When I picked this up, I wasn't sure I wanted to see it. I thought it
looked kind of interesting, and I guess for five bucks in Wal-Mart, why
not? I tend to like bad B movies, so what's the harm?
And despite my initial misgivings, I thought it was excellent.
The story wavered from the Grimm's version, but that's part of what makes it original. The portrayal of the era wasn't perfect, but then that didn't hurt the story much either. I thought the acting was done pretty well, especially Sigourney Weaver. She worked well with a character that was pretty weirdly written. I loved her as the old woman in the forest and in the final scene. Very eerie. Very cool.
The scenes with Lilliana and the dwarfs were a bit choppy in parts--first Will threatened her, then he saved her, then he yelled at her, then...yadda yadda yadda--but Monica Keena played the sheltered damsel well and Gil Bellows was good at the whole "tortured but sincere" act. I was definitely left imagining what the screenwriters should have put in the holes, but all in all I thought that storyline was sweet.
Definitely not a movie for children, but then the title and rating suggest so. Again, some of the story needed to be filled out and explained more, but in total, I loved it. Creepy and cool and fun.
*** This review may contain spoilers ***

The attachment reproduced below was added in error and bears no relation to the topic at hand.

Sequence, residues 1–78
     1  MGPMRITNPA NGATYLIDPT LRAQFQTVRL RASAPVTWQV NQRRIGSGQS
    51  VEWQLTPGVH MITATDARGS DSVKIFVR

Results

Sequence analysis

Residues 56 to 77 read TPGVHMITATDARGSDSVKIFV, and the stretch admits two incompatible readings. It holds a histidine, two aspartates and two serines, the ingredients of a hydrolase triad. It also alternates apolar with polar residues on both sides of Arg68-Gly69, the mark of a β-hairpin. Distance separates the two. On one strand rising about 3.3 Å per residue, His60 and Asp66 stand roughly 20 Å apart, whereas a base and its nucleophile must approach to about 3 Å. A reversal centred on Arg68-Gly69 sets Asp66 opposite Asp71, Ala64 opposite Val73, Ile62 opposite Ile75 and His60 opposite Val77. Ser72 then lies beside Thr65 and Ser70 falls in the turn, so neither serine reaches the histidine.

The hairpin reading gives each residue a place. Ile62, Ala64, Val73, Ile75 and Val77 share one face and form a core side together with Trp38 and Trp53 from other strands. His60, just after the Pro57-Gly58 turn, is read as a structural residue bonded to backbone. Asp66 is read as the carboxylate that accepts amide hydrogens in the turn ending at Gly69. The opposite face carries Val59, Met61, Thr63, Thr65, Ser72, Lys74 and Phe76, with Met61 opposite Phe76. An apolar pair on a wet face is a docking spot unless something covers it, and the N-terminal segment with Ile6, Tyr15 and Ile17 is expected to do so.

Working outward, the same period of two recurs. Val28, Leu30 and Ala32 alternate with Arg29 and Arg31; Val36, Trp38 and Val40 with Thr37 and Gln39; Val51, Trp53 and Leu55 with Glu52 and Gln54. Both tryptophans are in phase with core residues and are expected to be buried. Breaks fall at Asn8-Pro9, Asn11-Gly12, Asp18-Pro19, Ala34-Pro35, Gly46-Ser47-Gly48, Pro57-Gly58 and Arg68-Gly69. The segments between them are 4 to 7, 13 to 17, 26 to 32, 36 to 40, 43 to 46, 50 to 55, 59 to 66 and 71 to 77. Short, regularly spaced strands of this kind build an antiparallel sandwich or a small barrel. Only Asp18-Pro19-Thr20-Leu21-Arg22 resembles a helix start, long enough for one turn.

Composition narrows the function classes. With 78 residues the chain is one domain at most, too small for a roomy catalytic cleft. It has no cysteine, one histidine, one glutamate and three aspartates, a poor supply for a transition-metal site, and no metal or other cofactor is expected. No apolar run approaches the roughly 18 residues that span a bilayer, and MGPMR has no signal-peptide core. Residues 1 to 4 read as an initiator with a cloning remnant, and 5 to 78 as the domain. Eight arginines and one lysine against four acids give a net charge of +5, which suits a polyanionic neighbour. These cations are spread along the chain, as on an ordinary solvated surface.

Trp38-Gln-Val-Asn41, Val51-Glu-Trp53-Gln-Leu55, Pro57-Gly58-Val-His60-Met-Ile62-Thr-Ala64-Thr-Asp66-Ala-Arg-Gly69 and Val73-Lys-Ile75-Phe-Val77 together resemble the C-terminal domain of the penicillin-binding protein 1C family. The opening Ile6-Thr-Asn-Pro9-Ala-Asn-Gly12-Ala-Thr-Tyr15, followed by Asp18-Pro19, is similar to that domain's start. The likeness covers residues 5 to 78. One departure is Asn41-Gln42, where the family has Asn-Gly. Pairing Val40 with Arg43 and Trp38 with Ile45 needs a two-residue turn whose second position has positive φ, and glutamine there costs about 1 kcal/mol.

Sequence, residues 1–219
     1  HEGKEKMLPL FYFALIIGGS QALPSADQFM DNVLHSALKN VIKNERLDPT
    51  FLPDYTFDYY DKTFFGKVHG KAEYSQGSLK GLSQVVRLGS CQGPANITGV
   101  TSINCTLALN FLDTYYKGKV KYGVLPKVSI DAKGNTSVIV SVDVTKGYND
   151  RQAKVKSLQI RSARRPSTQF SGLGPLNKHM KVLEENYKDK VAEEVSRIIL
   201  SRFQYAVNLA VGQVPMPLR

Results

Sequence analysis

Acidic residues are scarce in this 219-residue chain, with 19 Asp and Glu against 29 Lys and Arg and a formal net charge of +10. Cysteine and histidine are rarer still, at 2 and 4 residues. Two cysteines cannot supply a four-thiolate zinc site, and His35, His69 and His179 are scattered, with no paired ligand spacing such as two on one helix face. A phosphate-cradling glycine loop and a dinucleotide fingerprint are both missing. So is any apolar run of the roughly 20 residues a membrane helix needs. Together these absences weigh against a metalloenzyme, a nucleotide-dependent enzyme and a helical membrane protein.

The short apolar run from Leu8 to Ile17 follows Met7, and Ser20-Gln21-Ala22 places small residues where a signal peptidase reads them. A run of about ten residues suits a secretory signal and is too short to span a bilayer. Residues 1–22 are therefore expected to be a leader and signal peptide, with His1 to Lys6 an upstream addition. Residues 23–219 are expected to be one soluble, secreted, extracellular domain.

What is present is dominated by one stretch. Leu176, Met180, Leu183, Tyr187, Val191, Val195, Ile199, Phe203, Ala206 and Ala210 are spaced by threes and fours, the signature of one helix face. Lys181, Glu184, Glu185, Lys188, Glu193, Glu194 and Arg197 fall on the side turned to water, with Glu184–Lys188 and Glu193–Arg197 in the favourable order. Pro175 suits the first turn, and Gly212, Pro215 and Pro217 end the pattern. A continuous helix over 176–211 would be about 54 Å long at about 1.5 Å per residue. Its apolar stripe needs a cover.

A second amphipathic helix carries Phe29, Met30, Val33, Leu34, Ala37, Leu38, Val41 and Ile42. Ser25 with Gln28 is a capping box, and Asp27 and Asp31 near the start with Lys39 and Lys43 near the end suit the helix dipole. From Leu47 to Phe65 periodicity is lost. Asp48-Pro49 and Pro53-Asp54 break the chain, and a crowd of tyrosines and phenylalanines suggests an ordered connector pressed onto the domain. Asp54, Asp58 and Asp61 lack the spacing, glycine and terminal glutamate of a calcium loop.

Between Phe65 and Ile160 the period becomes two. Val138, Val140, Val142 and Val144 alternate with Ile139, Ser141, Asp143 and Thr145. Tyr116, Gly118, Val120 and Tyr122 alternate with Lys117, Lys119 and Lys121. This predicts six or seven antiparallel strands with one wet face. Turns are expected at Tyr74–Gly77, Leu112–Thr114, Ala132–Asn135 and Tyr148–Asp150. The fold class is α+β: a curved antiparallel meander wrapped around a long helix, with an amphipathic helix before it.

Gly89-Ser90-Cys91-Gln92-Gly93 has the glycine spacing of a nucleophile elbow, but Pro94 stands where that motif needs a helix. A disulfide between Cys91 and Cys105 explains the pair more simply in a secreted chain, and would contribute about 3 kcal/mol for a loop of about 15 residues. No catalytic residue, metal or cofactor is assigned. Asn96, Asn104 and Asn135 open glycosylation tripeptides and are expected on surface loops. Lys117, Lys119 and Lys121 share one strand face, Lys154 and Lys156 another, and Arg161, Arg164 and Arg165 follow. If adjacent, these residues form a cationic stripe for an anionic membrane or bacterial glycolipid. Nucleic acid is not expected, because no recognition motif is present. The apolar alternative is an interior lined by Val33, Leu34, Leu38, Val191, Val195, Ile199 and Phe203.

I like the fairy tale version of Snow white,but I always had a couple of questions about the story. (1)Why did the evil queen die so easily? (Lighting strikes the cliff and the queen falls to her death. Come on! I was a little kid when I read the story but give me some credit.) (2)Why did Snow White fall deeply in love with the prince? She barely knows him. (3) Why did the huntsman decide not to kill Snow White? I doubt that her kindness had an effect on his decision. These are couple of questions I always had pertaining to Snow White. The movie version of the tale, which I found out recently is closer to the original version, answers most my questions. The characters were more realistic. The movie was a good mix of realism and fantasy. The movie isn't really scary or gruesome, but it is supenseful and creepy. I liked the change of the dwarfs. I would of liked the movie to go into more detail about the relationship between the stepmother and Snow White. The twist with the love interest was good too. Also, Snow White in this movie has more heart than in the Disney version. If this movie had a little bigger budget, some good advertising, and people seriously backing it than it probably would of been in the theaters around the same time as "Ever After". More people need to take notice of Monica Keena (Snow White), more likely known from the show Dawson Creek and the made for T.V. movie First Daughter, she's one of the few good young actors out today. Gil Bellows was good in his part too. And Mrs. Weaver is excellent in her role as the evil stepmother. Everybody else in the movie was decent. For all the people who are expecting a gorefest with nudity, look elsewhere because this isn't the movie for you. The movie is based more on atmosphere and the humanization of the characters. The movie is a gothic fantasy film with a little bit of horror, romance, and suspense mixed together. I give the movie a 7/10.